Both forms of magnesium offer distinct benefits and are suited for different purposes. Let's explore some factors to consider when deciding which form may be more suitable for you:

Digestive Sensitivity

Woman standing with digestive sensitivity and presses her hand on her stomach

If you have a sensitive digestive system or are prone to gastrointestinal issues, magnesium glycinate may be a better choice.

Its gentle and well-tolerated nature makes it less likely to cause digestive disturbances or has a pronounced laxative effect, which can be a concern with magnesium citrate.

Bowel Regularity

Woman using toilet- Bowel Regularity

If your primary concern is promoting regular bowel movements or relieving occasional constipation, magnesium citrate is typically recommended.

Its osmotic laxative properties make it effective in softening stools and facilitating bowel movements.

Sleep and Relaxation

woman enjoys relaxed sleep

If you are seeking support for relaxation, restful sleep, or mood regulation, magnesium glycinate may be the preferred option. 

The presence of glycine in magnesium glycinate offers potential calming effects on the nervous system, making it beneficial for individuals experiencing stress, anxiety, or sleep difficulties.

Individual Response

It's important to acknowledge that individual responses to different forms of magnesium can vary. Some individuals may find that magnesium glycinate works better for them, while others may prefer the effects of magnesium citrate.

It may require some experimentation to determine which form suits your body's unique requirements and yields the desired outcomes.

There is no definitive answer as to whether magnesium glycinate or magnesium citrate is inherently better. It largely depends on your specific needs and goals.

Consulting with a healthcare professional can provide personalized guidance and help determine the most suitable form of magnesium supplementation for you.

Other Forms of Magnesium

In addition to magnesium glycinate and magnesium citrate, there are various other forms of magnesium available as dietary supplements.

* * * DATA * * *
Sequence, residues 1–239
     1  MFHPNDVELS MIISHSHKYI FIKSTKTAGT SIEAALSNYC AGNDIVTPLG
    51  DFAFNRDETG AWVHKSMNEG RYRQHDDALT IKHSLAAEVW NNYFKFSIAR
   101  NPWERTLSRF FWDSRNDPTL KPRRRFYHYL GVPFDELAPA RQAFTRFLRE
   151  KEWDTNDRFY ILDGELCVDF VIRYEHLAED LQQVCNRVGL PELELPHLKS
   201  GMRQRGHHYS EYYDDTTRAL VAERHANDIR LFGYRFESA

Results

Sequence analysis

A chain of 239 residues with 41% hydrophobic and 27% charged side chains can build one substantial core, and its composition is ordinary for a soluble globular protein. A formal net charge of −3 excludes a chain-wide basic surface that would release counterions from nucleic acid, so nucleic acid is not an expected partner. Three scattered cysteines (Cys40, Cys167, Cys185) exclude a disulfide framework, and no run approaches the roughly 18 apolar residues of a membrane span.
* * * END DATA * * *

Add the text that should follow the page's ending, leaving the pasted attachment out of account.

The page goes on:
Each form has its own unique characteristics, absorption rates, and potential applications. Let's explore some of the commonly used forms of magnesium:

Magnesium Oxide

Magnesium Oxide Powder

Magnesium oxide contains a higher percentage of elemental magnesium, making it an economical choice for magnesium supplementation.

However, its absorption rate is relatively low compared to other forms. It is commonly used as a mild laxative and may be suitable for individuals with occasional constipation [9]. 

Magnesium Chloride

Magnesium Chloride Powder

Magnesium chloride is known for its excellent absorption and bioavailability. It is often used topically in the form of magnesium oil or flakes for transdermal absorption.

When taken orally, magnesium chloride is typically found in liquid or powder form [10]. 

Magnesium Threonate

magnesium threonate powder

Magnesium Threonate is a newer form of magnesium that has gained attention for its potential cognitive benefits. It has been suggested to support brain health and enhance memory and cognitive function.

Magnesium Threonate is believed to have good bioavailability and can cross the blood-brain barrier more effectively [11]. 

Magnesium Malate

Magnesium Malate Powder

Magnesium malate is a combination of magnesium and malic acid, which is involved in energy production within cells.

This form of magnesium is often used to support muscle health, and energy levels, and reduce muscle discomfort. It is also well-absorbed by the body [12].

Magnesium Sulfate

Magnesium Sulfate

Magnesium sulfate, commonly known as Epsom salt, is primarily used externally in baths for its relaxation and muscle-soothing properties.

While it is not commonly used as an oral supplement, it can provide magnesium absorption through the skin during bathing [13].

It's important to note that the recommended dosages provided are general guidelines and can vary depending on individual needs, health conditions, and the advice of a healthcare professional.

Additionally, absorption rates may vary between different individuals and forms of magnesium.

Magnesium Absorption: What Form of Magnesium is Best Absorbed?

The body's ability to absorb and utilize magnesium from different forms varies, and factors such as the form of magnesium, the presence of other substances, and individual factors can influence absorption rates [7]. 

Magnesium Glycinate

Magnesium glycinate is known for its superior bioavailability and absorption rates. The chelation process that bonds magnesium with glycine, helps facilitate its entry into the cells.

This form of magnesium is less likely to cause gastrointestinal side effects, such as diarrhea, that are commonly associated with other forms of magnesium. 

Magnesium Citrate

Although magnesium citrate is generally well-absorbed, its absorption rate may not be as high as magnesium glycinate.

The presence of citric acid may increase solubility but can also lead to a more rapid transit through the digestive system, reducing the amount of magnesium that can be absorbed.

So, if your primary goal is to maximize magnesium absorption, magnesium glycinate may be the preferred option.